It's always something. At least when you're talking about the world of scams. Lots of people employing lots of tactics, all with the bottom-line goal of separating you from your money or personal information.

The latest is being called the "Spoofing Scam," and according to ABC News, this scam uses technological trickery combined with the lure of money to trick victims into giving up personal information.

Tech bloggers are warning about a scam that tricks a phone's caller ID to display a real Verizon Wireless tech support number, duping people into providing personal information to fraudsters.

One phone number appears as "Technical Support" on some mobile devices, with a phone number that is a real Verizon Wireless support number, according to

So, how does this scam work?

An automated message informs the call recipient that they have received a reward of $54 and directs people to, with the message, "because at Verizon, we care about you."

Adam Levin, founder and chairman of IDentity Theft 911, urges caution in responding to tricky customer service communications.

"Don't share because they tell you they care. You need to beware. They are not spreading the love," Levin said.

Google's Chrome browser in fact has blocked that website, and instead provides the message, "Reported Phishing Website Ahead: Google Chrome has blocked access to This website has been reported as a phishing website."

So, once the victim is convinced by the fake caller ID, they're ready to give any and all info to the person on the other end in the hope of claiming their promised reward.

Insidious, isn't it? Now we can't trust our caller IDs? What can you do to protect yourself?

Mr. Levin is glad you asked.

1. Check to see if the displayed link matches the underlying hyperlink.

Place your cursor over the link in the email (but don't click!). Does the pop-up address match the link in email? Or did suddenly become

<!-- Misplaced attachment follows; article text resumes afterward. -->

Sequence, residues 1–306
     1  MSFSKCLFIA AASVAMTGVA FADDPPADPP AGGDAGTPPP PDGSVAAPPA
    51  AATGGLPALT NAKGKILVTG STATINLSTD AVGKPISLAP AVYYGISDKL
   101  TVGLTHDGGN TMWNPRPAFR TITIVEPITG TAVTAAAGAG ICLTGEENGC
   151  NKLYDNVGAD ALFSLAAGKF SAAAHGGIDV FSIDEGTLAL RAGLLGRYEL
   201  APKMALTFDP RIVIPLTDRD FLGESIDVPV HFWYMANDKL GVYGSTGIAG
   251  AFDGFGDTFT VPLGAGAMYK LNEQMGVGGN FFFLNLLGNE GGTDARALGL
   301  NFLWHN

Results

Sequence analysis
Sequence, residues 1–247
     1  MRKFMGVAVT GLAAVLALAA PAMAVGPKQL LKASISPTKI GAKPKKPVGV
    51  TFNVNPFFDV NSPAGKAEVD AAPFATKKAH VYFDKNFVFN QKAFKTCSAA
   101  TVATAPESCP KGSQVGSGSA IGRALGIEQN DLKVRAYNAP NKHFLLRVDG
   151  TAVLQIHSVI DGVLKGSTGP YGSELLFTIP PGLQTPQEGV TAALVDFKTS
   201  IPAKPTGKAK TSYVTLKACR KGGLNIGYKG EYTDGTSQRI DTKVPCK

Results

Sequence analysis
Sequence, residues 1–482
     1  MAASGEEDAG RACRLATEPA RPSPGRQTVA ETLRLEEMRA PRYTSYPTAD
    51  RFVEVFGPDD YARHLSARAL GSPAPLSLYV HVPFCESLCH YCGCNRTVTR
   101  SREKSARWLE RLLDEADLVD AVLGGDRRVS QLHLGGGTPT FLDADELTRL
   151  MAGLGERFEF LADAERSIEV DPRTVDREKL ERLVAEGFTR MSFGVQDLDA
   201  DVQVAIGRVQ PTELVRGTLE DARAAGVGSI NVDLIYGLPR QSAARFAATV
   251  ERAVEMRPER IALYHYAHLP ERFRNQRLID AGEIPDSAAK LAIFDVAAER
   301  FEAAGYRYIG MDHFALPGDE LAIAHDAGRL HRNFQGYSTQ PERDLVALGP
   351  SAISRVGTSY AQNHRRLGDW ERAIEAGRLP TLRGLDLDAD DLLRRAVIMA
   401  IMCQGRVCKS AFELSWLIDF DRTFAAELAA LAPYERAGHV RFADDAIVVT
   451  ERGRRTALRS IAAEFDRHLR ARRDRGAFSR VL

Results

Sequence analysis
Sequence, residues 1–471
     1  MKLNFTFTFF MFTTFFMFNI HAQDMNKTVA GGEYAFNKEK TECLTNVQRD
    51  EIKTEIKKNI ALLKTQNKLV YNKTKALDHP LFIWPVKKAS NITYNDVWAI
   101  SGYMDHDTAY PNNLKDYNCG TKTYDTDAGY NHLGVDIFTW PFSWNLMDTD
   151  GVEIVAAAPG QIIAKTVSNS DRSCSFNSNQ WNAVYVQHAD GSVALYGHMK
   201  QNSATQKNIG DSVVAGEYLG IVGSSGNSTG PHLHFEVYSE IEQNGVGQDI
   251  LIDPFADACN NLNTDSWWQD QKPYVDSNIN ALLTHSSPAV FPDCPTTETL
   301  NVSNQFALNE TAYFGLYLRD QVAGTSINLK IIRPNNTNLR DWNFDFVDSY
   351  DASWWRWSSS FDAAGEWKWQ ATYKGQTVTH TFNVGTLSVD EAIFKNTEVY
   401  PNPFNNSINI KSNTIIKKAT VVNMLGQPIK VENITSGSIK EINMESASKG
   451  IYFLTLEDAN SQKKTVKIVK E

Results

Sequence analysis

Pay attention to expressions of urgency or immediate requests for action. Scammers will try to make you act quickly by saying that your account will be closed or a purchase will be cancelled if you do not act immediately. They want you to act before you think. Don’t fall for it.

2. Look for requests for sensitive personal information.

Banks, merchants and other reputable institutions will never ask for your personal or account information by email, so never provide it. If you have any concerns, call the organization directly to verify the legitimacy of the communication.

3. Check for spelling or grammatical errors.

Many of the phishers are from outside of the United States, so their grasp of the English language leaves something to be desired. If you see misspelled words, wrong use of pronouns and tenses, or other grammatical issues, there is a very good chance you are being phished.

4. Remember, if it is too good to be true, it probably is. If you receive a communication out of the blue saying that you won the lottery or are heir to a foreign fortune, you might want to think twice before claiming your reward.

Always use updated anti-virus software. Especially one with an anti-phishing filter.

5. What should you do you believe you're a victim?

If you have clicked on or downloaded anything that might infect your system, then make sure you install or update anti-virus software and run a full scan of your system.

If you have sent funds, make sure that you contact your financial institution immediately to report the situation. If you have reason to believe that any of your email or social media accounts are compromised, make sure you change the passwords immediately.

Also, don't be embarrassed if it happens to you. A quick search for "phone scammers" on You Tube shows that lots of us have had an experience with a scammer.

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